Questions or Comments? Give me a call!


It’s Expensive

Would you buy Long Term Care insurance?

“People say the premiums are expensive.” As a Long Term Care insurance Agent, I hear this all the time.

Are they??

I have to expand the question for those who make that statement.

Long Term Care insurance premiums are expensive compared to…what? Compared to the cost of Long Term Care? NO. Long Term Care insurance premiums are a drop in the bucket compared to the cost of the type of care this valuable insurance pays for.

Here’s an example:

A 50-year-old can get a $200 daily benefit to cover today’s cost of care with either a 3-year benefit period or a 5-year benefit period for only $159.14 a month or $224.26 a month respectively. If a spouse is also issued, the premium is reduced 10% for both and paying annually instead of monthly will reduce it an additional 8%. So now were at $1,591 for the 3-years benefit period and $2,242 for the 5-year benefit period.

Sound like a lot? Here’s the value proposition: The premium for the 3-year plan will cost $47,730 over 30 years and the premium for the 5-year plan will cost $67,260. At 5% compound, the daily benefit will be $823.23 in 30 years, which means the benefit pool for the 3-year plan will be $901,433 and the benefit for the 5-year plan will be $1,577,508.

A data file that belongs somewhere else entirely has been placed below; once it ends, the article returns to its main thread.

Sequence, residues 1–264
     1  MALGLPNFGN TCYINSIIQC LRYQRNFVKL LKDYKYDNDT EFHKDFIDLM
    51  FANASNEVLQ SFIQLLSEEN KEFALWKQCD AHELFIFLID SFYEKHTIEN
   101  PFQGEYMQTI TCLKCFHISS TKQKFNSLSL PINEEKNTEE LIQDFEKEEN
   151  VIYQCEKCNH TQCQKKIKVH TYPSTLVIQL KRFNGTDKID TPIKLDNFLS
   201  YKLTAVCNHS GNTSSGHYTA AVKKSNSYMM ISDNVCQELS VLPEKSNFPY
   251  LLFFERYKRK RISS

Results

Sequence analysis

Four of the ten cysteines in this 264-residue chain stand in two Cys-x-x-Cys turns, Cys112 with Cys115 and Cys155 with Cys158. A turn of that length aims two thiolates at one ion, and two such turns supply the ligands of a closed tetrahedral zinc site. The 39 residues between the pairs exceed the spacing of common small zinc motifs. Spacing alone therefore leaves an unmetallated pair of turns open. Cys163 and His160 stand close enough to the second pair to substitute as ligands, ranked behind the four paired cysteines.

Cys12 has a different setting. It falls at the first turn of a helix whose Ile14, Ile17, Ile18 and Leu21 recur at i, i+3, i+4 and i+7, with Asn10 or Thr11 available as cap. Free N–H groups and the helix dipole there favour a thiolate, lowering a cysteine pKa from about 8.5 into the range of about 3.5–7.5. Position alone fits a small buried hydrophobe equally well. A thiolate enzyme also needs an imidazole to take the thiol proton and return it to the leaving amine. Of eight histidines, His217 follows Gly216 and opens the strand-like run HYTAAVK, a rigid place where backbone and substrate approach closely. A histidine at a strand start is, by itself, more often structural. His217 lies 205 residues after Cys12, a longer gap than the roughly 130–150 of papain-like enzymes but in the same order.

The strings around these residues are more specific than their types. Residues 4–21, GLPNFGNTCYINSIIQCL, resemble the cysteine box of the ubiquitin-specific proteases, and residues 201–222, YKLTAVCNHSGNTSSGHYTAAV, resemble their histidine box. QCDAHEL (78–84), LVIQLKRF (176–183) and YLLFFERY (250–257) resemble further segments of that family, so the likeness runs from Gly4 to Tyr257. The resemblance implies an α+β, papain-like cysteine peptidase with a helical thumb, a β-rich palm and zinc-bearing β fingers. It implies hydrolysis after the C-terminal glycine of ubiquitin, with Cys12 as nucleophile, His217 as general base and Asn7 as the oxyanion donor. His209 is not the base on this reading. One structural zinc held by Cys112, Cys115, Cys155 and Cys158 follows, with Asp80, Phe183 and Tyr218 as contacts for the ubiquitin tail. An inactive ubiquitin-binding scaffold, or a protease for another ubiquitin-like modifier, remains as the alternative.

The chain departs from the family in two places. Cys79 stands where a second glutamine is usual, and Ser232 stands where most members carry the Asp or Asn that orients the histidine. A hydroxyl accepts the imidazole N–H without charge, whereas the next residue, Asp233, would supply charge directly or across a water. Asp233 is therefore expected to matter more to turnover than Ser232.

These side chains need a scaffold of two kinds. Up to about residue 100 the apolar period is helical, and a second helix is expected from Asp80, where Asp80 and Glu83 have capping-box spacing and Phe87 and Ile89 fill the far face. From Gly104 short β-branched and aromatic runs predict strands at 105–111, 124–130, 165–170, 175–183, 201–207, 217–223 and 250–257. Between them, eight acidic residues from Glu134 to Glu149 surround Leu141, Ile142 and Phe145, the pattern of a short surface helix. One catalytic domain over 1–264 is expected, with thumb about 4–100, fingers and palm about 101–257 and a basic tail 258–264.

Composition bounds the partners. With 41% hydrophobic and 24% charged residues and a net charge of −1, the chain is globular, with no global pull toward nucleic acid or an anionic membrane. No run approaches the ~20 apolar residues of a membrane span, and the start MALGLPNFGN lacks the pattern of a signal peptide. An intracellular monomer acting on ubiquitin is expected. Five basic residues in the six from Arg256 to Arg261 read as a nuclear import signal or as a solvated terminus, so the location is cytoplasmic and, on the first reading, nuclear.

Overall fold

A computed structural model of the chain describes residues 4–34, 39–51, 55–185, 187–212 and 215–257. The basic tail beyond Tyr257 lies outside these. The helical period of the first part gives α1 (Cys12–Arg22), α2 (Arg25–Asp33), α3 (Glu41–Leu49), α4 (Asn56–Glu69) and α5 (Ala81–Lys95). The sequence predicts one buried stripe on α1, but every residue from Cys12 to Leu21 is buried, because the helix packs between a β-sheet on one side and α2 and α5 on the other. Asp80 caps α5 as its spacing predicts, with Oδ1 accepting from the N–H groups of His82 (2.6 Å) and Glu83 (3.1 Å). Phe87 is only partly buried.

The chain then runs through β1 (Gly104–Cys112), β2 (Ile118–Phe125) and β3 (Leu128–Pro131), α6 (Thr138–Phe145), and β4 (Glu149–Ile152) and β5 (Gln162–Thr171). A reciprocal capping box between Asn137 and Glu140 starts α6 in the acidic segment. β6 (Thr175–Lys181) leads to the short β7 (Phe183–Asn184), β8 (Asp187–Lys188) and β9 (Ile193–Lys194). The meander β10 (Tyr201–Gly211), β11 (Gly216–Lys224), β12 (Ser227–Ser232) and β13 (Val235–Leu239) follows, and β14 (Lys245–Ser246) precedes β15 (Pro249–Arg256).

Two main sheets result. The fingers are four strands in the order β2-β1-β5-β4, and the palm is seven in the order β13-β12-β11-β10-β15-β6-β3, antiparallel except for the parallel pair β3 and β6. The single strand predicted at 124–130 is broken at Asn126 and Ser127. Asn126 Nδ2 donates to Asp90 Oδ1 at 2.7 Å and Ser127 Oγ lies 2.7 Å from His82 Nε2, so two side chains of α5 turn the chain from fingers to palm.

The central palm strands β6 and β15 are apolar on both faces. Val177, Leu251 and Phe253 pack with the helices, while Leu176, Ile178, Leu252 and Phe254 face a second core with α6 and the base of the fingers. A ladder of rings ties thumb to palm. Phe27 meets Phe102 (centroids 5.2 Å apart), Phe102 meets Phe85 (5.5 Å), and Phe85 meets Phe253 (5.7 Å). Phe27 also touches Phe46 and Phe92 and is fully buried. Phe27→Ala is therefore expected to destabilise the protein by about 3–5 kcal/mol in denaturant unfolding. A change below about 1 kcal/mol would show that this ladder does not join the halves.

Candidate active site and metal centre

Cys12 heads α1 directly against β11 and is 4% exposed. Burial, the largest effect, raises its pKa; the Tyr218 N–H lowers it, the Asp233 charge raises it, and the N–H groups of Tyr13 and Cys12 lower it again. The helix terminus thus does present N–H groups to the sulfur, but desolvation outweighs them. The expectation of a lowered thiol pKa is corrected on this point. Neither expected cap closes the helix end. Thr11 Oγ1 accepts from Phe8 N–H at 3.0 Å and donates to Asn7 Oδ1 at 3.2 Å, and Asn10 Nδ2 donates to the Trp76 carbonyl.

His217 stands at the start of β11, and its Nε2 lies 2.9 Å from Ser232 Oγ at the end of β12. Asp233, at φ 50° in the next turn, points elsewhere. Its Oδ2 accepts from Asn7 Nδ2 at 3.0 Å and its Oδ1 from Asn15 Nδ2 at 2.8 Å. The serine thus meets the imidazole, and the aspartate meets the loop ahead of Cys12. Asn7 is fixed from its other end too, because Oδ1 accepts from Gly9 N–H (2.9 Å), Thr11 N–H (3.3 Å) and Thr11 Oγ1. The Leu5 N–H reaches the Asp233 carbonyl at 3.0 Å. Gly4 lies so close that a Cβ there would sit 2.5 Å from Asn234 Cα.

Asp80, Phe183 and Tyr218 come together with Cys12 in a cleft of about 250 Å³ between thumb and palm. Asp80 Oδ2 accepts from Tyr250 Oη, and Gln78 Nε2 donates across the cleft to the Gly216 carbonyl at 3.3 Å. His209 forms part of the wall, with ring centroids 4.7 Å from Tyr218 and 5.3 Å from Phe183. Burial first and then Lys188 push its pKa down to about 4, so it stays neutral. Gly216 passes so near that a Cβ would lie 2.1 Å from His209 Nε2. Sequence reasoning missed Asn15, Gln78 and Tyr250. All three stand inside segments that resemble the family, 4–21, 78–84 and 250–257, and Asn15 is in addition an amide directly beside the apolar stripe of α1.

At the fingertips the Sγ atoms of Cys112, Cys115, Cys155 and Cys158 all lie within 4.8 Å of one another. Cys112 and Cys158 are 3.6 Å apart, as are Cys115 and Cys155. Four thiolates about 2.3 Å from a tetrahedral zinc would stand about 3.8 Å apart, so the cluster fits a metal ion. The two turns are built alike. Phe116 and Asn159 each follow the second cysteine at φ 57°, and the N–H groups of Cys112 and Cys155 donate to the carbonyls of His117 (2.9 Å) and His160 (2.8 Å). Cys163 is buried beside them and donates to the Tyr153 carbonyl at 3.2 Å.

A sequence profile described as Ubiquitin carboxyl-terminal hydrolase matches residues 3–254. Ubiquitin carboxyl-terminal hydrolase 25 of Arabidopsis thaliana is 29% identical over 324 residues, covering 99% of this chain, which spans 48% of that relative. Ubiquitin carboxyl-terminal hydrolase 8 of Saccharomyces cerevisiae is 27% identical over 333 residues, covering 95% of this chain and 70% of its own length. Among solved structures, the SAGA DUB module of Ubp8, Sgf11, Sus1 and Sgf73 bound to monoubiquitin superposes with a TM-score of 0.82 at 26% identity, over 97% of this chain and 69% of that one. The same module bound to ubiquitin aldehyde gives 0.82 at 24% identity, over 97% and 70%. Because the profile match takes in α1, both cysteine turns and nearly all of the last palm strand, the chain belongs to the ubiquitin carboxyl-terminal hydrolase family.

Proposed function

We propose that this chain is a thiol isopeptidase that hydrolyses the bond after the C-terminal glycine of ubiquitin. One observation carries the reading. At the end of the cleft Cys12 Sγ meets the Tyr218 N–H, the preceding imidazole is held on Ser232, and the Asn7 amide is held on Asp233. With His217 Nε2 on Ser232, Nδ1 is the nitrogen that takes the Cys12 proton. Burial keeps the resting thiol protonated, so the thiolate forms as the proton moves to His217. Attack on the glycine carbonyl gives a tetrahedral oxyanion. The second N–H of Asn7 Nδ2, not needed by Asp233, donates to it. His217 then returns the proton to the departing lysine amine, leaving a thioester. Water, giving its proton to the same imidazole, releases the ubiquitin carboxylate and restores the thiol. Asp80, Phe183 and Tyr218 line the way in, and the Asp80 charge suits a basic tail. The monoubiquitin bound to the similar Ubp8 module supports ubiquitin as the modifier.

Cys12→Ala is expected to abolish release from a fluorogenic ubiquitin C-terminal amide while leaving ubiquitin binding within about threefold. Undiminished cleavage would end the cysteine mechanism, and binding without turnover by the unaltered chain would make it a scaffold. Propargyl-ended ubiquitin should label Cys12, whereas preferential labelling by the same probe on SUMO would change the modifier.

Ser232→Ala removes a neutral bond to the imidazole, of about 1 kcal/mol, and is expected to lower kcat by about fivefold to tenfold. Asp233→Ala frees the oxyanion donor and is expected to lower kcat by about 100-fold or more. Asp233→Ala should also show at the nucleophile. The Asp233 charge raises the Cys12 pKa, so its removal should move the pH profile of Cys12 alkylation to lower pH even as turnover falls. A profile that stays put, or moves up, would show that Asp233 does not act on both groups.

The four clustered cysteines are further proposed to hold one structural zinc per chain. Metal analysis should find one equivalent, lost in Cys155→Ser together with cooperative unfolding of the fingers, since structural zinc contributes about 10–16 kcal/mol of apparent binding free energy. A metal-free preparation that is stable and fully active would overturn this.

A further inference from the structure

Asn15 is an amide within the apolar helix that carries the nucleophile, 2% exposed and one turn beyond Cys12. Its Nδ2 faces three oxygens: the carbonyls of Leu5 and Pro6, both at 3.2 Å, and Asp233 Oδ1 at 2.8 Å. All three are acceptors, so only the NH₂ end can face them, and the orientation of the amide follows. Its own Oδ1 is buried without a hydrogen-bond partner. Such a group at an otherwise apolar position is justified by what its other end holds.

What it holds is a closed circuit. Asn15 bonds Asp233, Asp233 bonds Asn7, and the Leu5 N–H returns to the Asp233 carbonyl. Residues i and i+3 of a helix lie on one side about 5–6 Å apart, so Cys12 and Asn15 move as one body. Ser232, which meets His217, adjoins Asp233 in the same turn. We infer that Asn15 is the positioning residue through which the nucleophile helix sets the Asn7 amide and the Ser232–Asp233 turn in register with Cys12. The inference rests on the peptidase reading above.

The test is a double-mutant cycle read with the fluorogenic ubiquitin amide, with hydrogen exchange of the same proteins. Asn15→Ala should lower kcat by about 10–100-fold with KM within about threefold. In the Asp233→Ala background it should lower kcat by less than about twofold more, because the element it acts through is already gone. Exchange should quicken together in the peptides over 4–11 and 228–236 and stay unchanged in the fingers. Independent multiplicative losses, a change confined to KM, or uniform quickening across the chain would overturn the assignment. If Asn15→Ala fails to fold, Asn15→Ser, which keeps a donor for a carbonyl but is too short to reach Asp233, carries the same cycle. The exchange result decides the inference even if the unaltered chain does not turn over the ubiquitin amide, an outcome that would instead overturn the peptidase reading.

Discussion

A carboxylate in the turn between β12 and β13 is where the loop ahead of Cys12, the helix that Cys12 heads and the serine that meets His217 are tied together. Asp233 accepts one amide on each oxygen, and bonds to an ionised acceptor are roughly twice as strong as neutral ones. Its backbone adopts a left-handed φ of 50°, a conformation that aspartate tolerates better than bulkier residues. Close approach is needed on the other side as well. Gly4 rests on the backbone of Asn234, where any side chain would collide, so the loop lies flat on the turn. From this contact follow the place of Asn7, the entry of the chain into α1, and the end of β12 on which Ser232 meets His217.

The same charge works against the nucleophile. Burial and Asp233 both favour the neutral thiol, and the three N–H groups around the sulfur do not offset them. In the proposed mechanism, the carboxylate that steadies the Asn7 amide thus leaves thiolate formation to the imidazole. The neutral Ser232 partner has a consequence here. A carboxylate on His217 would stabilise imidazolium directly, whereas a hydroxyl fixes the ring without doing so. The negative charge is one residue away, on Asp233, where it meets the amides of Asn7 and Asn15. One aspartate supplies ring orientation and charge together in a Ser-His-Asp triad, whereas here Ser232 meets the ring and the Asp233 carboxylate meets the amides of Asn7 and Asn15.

Let me restate this information to be crystal clear:
Buying Long Term Care insurance at the above premium means you would spend 4% to 5% of the potential benefits in 30 years ($47,730 is 5% of $901,433 and $67,260 is 4$ of $1.5 million).

But…were not done yet:

The benefits will continue to grow each year at 5% compound for the rest of your life as long as you haven’t used them all up! At 5% compound, the benefits DOUBLE every 14 years.

I’ve told you what the benefits will be at age 80 for the 50-year-old. Could today’s 50-year-old live to be age 95? According to the Wall Street Journal, one in 10 people who turned age 65 in 2011 will see age 95, so it’s logical to think those odds will be even higher for someone 15 years younger.